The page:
OA does not work well for high-transaction processes like IC routers,
DRC, layout vs. schematic, and extraction tools. At the moment, no
commercially available IC routers are fully “native” on OA. Many read
their initial problem space from OA and then write their results to OA,
but the internal transacting takes place on an optimized database. The
read/write to OA is a conversion process.
In addition, the
commitment by Cadence and Si2 to OA’s support of scripting languages is
unclear: specifically, for TCL and Python. TCL support in OA has always
been problematic, and EDA providers who use OA have had to modify the
code themselves before delivering their product. In addition, Python
support in OA currently must be supplied by the EDA vendors themselves.
It looks as though the potential advantage of using OA as a universal
scripting environment to control multiple tools will not become a
reality for those not based firmly on Cadence’s SKILL language.
bottom line is that OA is a mixed bag. For the Cadence tool user, OA
assures that Cadence tools are interoperable with other Cadence tools.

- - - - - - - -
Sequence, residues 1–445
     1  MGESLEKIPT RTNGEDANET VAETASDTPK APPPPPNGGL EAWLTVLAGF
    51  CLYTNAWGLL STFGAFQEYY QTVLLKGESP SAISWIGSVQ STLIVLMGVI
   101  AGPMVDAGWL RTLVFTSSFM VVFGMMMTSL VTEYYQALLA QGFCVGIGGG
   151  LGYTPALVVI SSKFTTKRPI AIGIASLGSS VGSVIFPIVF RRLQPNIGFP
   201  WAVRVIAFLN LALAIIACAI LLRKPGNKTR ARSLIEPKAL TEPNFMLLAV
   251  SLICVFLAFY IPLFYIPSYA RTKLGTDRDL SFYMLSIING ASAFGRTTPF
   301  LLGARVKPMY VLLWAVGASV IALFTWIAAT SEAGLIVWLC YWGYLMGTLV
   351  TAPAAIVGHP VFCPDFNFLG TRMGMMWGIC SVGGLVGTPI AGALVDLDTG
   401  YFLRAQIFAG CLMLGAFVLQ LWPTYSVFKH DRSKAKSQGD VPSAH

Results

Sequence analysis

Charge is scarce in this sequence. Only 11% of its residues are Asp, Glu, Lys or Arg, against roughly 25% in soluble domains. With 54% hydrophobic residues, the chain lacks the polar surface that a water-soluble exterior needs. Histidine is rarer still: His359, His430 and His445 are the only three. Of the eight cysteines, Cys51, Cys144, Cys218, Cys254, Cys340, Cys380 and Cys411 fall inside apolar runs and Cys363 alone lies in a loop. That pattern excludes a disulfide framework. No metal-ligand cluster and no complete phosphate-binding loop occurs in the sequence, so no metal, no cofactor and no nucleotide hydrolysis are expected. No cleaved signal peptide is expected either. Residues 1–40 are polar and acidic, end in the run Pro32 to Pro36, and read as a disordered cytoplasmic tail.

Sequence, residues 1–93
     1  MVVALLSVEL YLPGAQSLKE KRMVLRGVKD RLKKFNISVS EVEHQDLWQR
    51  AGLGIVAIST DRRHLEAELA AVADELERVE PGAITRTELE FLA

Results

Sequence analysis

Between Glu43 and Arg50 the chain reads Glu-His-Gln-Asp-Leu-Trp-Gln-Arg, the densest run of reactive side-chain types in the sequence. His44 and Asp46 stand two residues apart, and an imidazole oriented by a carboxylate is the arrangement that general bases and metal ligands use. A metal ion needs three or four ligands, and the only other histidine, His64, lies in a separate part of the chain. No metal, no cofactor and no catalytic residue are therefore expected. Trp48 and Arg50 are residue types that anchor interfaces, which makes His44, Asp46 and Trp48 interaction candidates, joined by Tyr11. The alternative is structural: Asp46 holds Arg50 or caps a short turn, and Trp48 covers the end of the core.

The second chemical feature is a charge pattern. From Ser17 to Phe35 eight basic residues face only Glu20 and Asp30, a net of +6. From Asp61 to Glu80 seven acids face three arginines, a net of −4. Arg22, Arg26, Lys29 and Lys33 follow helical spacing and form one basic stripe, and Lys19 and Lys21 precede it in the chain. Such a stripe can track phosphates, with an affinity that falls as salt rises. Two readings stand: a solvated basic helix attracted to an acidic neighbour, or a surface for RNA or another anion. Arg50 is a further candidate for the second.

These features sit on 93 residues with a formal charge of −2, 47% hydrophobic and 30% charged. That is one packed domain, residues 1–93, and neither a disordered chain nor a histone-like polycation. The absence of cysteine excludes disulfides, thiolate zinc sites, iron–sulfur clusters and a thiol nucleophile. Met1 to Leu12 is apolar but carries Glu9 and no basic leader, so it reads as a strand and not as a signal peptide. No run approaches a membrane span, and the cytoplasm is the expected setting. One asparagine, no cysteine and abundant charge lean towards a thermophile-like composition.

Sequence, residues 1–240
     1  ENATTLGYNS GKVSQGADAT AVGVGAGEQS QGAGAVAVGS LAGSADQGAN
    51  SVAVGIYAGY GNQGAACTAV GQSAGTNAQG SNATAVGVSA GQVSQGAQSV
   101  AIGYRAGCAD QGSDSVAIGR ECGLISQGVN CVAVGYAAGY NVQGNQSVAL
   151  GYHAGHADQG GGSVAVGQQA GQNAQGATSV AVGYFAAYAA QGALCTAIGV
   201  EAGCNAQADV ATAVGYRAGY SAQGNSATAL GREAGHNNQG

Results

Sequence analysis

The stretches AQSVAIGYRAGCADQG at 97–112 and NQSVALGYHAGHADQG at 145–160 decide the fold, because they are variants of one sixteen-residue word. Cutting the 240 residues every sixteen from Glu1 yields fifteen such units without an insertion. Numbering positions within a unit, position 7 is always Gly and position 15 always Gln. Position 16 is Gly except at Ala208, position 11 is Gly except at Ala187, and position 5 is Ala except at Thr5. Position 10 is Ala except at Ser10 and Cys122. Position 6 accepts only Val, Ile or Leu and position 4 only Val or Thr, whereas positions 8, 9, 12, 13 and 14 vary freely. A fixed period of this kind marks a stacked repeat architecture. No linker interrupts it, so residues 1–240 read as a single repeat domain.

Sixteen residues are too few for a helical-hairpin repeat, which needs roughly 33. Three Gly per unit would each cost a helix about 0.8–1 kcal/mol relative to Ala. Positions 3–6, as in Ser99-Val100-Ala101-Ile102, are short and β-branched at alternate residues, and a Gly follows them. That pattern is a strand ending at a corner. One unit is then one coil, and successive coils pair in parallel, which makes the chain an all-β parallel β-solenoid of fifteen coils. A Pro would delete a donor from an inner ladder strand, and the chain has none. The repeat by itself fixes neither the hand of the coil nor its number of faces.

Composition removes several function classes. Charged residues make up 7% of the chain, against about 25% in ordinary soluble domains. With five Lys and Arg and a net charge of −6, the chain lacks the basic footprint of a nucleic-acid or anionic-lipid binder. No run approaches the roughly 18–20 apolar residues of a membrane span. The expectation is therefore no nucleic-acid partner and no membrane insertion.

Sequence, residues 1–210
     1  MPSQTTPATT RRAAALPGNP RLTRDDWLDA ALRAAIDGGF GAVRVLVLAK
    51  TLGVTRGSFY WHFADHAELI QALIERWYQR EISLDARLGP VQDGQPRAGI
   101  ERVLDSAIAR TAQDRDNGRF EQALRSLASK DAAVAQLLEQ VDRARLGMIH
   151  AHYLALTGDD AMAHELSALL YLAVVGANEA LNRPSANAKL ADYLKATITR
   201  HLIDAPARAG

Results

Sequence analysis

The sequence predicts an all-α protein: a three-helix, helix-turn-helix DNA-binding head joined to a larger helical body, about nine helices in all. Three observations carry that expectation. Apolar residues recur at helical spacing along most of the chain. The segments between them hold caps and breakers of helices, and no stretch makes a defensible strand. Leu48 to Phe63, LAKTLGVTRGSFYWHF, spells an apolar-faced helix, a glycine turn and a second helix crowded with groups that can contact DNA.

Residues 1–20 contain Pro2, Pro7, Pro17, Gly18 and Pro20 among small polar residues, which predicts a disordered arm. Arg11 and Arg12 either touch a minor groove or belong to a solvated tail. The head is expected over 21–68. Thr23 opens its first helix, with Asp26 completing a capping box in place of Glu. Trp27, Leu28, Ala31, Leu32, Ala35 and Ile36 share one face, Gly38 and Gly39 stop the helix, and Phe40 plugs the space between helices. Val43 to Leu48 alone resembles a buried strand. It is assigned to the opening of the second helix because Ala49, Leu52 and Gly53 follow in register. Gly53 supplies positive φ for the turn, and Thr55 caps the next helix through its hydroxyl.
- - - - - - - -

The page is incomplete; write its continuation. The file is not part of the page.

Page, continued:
EDA tool vendors who want to adopt OA as a native foundation turn over
control of the underlying framework of their product to another company.
the larger companies with internal CAD groups building custom EDA
tools, OA saves their engineers the drudgery of having to devise and
maintain their own database. There is little downside in using OA for
these internal CAD groups unless the run-time parameters of the OA
framework do not provide the performance and functionality they require.
For those who use commercial IC design and implementation tools, OA is
at best another interchange format.
Unfortunately, a decade
after its inception, the idea of a grand unifying open-source database
providing interoperability without translation between all IC
implementation tools has yet to be realized.
eventually we will come to the realization, as did the RCA team in the
early 1980s, that the idea of the great unifying database must naturally
succumb to the more compelling realities of the technical database
needs of EDA tools as they evolve to meet the ever more difficult
requirements of the next generation of IC designs.
About the author:
Linda Prowse Fosler is director of marketing, Deep Submicron Division, Mentor Graphics Corp.
Fosler is a seasoned professional providing marketing and operations
management expertise for a diverse group of technologies and industries
including computer systems, semiconductors, embedded systems and
software and hardware design and verification tools. Linda is currently
the director of marketing for the deep submicron (DSM) division of
Prior to this Linda was Vice President of
Marketing and Business Development for VaST Systems, Esterel
Technologies and IKOS Systems, as well as Vice President of Software
Quality at Cadence Design Systems. Past accomplishments also include
working as an independent consultant for a host of electronics related